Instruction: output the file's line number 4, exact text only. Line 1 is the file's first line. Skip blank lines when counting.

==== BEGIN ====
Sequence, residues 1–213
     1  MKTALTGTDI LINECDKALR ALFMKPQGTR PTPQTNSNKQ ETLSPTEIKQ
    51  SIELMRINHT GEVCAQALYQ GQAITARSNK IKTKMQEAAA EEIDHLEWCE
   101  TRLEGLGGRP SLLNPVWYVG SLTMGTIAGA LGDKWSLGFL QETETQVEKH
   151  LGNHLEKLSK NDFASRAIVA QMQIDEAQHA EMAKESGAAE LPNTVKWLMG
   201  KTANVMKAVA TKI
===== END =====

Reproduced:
   101  TRLEGLGGRP SLLNPVWYVG SLTMGTIAGA LGDKWSLGFL QETETQVEKH